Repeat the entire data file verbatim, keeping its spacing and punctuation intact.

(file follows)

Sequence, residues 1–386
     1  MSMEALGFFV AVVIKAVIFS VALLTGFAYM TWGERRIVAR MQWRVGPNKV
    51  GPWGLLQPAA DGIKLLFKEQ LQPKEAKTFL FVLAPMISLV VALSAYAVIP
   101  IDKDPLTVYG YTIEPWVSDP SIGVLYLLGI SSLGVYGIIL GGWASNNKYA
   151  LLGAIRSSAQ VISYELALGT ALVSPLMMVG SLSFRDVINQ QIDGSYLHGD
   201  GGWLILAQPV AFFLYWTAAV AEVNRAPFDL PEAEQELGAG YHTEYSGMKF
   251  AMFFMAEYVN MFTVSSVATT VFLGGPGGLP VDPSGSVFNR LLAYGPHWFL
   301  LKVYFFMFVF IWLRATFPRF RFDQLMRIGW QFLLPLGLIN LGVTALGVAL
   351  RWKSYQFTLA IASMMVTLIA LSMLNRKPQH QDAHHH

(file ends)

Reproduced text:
Sequence, residues 1–386
     1  MSMEALGFFV AVVIKAVIFS VALLTGFAYM TWGERRIVAR MQWRVGPNKV
    51  GPWGLLQPAA DGIKLLFKEQ LQPKEAKTFL FVLAPMISLV VALSAYAVIP
   101  IDKDPLTVYG YTIEPWVSDP SIGVLYLLGI SSLGVYGIIL GGWASNNKYA
   151  LLGAIRSSAQ VISYELALGT ALVSPLMMVG SLSFRDVINQ QIDGSYLHGD
   201  GGWLILAQPV AFFLYWTAAV AEVNRAPFDL PEAEQELGAG YHTEYSGMKF
   251  AMFFMAEYVN MFTVSSVATT VFLGGPGGLP VDPSGSVFNR LLAYGPHWFL
   301  LKVYFFMFVF IWLRATFPRF RFDQLMRIGW QFLLPLGLIN LGVTALGVAL
   351  RWKSYQFTLA IASMMVTLIA LSMLNRKPQH QDAHHH